Dr. Amirpour (Auckland) takes Medical Additive Manufacturing to a higher level

Google+ Pinterest LinkedIn Tumblr +


Maedeh Amirpour aims to take Additive Manufacturing for medical use to a higher level of customization thanks to her 2019 Rutherford Post-doctoral Fellowship.

She works at the University of Auckland’s Centre for Advanced Composite Materials (CACM). Her research is undertaken into synthetic and bio-based advanced composite materials. She has received a prestigious two-year Rutherford Fellowship that will enable her to advance her research on the physics and behavior of bio-based 3D printed lattice structures.

Dr Amirpour’s research will develop predictive computational models that will improve the design, mechanical performance and function of 3D-printed structures by tailoring their architectural and geometrical features.

Source: University of Auckland.

The ability to tailor geometry with 3D printing combined with novel bio-based materials will enable the development of new products such as prosthetics and splints that are customised to specific user requirements, she says, while also making use of our abundant agricultural and biological resources.

While the potential of 3D printing is being explored for wearable products, these are typically based on synthetic materials, and their application is limited by design complexities,(…), Where customisation is required, it’s time consuming and expensive. I think there’s a better way.”

– Maedeh Amirpour

Dr Amirpour works at engineering’s most interesting intersections, a combination of computational design, 3D Printing, bio-based materials engineering and synthetic biology.

This new project relates to work she is also doing with SfTI’s National Science Challenge portfolio 5 with the aim of “3D/4D printing of bio-based composite”. This is a multidisciplinary collaboration between Scion, AgResearch, GNS, AUT, Victoria University, Massey University and University of Auckland.

Materials being developed in the SfTI programme will be utilised as part of her research. “Aotearoa is in a strong position to develop technology for 3D printing of bio-based materials such as lignin and cellulose, using abundant natural resources that can be converted into bio-based filaments.”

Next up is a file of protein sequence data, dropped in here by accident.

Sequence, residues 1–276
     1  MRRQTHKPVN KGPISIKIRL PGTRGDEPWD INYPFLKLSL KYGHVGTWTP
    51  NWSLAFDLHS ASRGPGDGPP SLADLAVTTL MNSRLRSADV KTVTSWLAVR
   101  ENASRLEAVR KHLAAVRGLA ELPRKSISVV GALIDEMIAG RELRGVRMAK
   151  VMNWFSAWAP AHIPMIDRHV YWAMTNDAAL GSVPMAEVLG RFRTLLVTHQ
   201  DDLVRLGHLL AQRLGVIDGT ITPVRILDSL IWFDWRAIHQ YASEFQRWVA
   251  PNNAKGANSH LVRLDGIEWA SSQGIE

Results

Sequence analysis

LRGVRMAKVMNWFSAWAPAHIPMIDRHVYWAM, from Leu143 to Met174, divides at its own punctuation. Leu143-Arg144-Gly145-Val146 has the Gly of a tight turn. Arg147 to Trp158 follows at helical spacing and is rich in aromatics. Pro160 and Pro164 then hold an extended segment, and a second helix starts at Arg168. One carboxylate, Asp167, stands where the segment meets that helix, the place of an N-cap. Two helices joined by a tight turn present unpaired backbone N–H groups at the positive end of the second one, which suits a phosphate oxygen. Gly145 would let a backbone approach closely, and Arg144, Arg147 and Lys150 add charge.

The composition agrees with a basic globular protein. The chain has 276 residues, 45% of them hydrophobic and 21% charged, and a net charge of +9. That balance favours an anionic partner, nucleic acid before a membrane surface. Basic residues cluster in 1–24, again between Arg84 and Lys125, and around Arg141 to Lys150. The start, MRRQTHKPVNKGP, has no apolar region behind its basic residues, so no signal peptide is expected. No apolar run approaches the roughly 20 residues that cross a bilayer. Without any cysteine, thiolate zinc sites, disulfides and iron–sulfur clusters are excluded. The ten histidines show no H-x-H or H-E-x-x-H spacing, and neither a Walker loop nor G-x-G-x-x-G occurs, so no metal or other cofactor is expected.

At CACM, Dr Amirpour is also involved in an MBIE Endeavour Research Programme on inductive power transfer (IPT), developed by Professors Grant Covic and John Boys at the University of Auckland.

Dr Amirpour has also received a prestigious Amelia Earhart Fellowship from the USA, which is awarded annually to only 30 women researchers worldwide.

The Rutherford Post-doctoral Fellowships aim to build human capability in research, science and technology, including social sciences and the humanities, by providing early career support for New Zealand’s brightest and most promising researchers. The Fellowships are administered by the Royal Society Te Apārangi.

additive manufacturing newsletter

Related article categories:

Article and featured image:


University of Auckland Faculty of Engineering, Environment and Sustainability Taking 3D printing to the next level: tailored devices for every user https://www.auckland.ac.nz/en/news/2019/11/28/taking-3d-printing-to-the-next-level–tailored-devices-for-every.html, published on Nov28 2019, published and re-edited by João Andrade on Nov29 2019;

Featured Image & Article Photo:

” ”  ” ”

Additive Manufacturing